As The Boy Who Would Not Grow Up, Peter Pan is known for his eternal youth. Starting in The Little White Bird (1902), Peter escaped his family so he wouldn’t have to grow up, become an adult and one day die. Living in perpetual youth, Peter is the epitome of brash and insolent youth. Many have asked whether Peter Pan is actually dead in his stories, as if he is form of vampire or other undead being. If you’ve ever asked “is Peter Pan dead?”, the answer is simple.
While death is a common theme in the Peter Pan story, Peter remains a living character in all of the original versions, including most novel and movie derivatives. An immortal boy, Peter magically left the aging process common to mankind and fled to the Never Never Land, which is a place that exists in the minds of children, from which he periodically escapes to gather more children to his island.
Death in the Original Peter Pan
In Peter Pan in Kensington Gardens, which was a collection of chapters from Barrie’s original The Little White Bird, Peter flees his home within a week of his birth to avoid growing up and dying. Barrie waxes poetic throughout his Pan plays and novels, including:
Life and death, the child and the mother, are ever meeting as the one draws into harbour and the other sets sail. They exchange a bright “All’s well” and pass on.
The only ghosts, I believe, who creep into this world, are dead young mothers, returned to see how their children fare.J.M. Barrie, The Little White Bird, Chapter “A Night-Piece”
In Peter and Wendy, Peter denies death by refusing to grow up, ferries the souls of dead children, regularly culls the Lost Boys who begin to age, and fights Captain Hook until the villain is killed by the ticking crocodile.
Does Peter die in the book or movies?
In the original screenplay and book, Peter goes on in perpetuity bringing Wendy’s descendants back to Neverland. Peter takes Wendy’s granddaughter back to Neverland for new adventures and, in various retellings, he continues this tradition in perpetuity.
Disney, Fox and Universal’s retellings see Peter continue Barrie’s original tradition. In Hook starring Robin Williams and Dustin Hoffman, Peter Banning goes on to a life as a normal, mortal adult and presumably dies in old age, but that is never explored in the film. Other retellings sometime vary widely in Peter’s purpose and demeanor and finality to his story.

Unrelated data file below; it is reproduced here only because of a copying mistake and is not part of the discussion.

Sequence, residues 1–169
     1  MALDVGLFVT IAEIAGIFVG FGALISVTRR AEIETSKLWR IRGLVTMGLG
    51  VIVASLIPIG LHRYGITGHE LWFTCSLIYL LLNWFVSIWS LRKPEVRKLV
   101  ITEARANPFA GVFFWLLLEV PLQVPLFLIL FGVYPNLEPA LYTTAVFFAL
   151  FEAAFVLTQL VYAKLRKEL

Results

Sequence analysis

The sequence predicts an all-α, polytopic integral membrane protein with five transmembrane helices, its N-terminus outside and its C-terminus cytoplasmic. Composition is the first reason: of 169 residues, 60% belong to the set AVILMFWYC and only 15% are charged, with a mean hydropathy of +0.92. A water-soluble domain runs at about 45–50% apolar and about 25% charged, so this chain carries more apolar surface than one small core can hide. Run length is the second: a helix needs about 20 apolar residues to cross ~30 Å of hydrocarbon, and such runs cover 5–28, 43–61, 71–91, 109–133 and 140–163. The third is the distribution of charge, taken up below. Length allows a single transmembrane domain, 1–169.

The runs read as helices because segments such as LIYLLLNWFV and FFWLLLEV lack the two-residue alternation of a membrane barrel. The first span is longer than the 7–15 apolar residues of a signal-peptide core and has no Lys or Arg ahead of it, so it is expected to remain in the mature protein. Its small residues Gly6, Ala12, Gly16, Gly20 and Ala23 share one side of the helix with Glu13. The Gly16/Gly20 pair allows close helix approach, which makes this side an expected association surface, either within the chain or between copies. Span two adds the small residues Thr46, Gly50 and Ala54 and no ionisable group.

Death In the Davies Family, the Inspiration for Peter Pan
Peter Pan was the result of Barrie’s relationship with the Davies family in London. He first met the first three boys in 1897 in Kensington Gardens and became a close family friend. The five boys inspired Barrie to create Peter Pan; he named the character after the third boy, Peter, and modeled the character mostly after the youngest, Michael.
Tragedy never strayed far from the Davies family. Between 1907 and 1910, both Arthur and Sylvia Davies died from cancer. While Barrie and extended family stepped in as guardians, George would be killed in action during World War I and Michael would die by drowning with a close friend.
As discussed in Which Peter Pan killed himself? The tragic true story of Peter Llewellyn Davies, the inspiration for the name of Peter Pan suffered a life of tragedy that ended in suicide. He came to hate his association as the Pan’s namesake, but also struggled with PTSD from his meritorious service in World War I. He and his family also battled various topical and degenerative diseases, as well as alcoholism. Peter took his own life in 1960 by throwing himself before a London commuter train.
Death as a Theme – The Rejection of Growing Up
Rejecting the aging process is prevalent in many iterations of the Peter Pan story. Remaining a child — or childlike — is lauded as Peter’s highest moral. Barrie contrasts Peter’s refusal to grow up with everyone else’s unstoppable journey into adulthood, ranging from his nemesis adult Captain Hook to Wendy’s progression into womanhood. Peter regularly kills Lost Boys who start to become men. Beginning from the earliest versions of Peter Pan in screenplay and cinematic form, Captain Hook was often played by the same actor to portray Wendy’s father, George.
At a shallow glance, The Boy Who Would Not Grow Up appears to be an ideal person and lifestyle — playing all day on Neverland with his lost boys, winning victories and never thinking more than a day away. Peter is actually a tragedy — a child who rejected the initial costs of development now perpetually stuck with an inability to deepen himself or his interactions with the people he encounters. Peter can never accept Wendy as an adult, nor his Lost Boys as men, nor himself in any fashion that doesn’t require a rejection of maturity.
Espoused entirely as a way to avoid death, Peter’s rejection of adulthood is a denial of reality, as death is not only inevitable to all who live, but also an essential part of its appreciation and embrasure. To deny development and aging is to reject the temporary but incredible value of our short lives.
Why Peter ages in Legend of the Pan
Peter ages throughout the Legend of the Pan series because to reject maturity is to misunderstand the relationship between it and aging. I’ve met children more mature and full of life than adults decades their senior. In my own experience, one can grow and develop without losing the childlike heart that preserves the awe of our exploration of this vast and beautiful world.
For the original Peter to reject growing up, LOP’s Peter Baley faces both the costs of avoiding his progress into adulthood and its eventual acceptance. Through his journey, however, he and those watching him learn a grander lesson of how to preserve the heart of a child while developing into whom they were meant to be.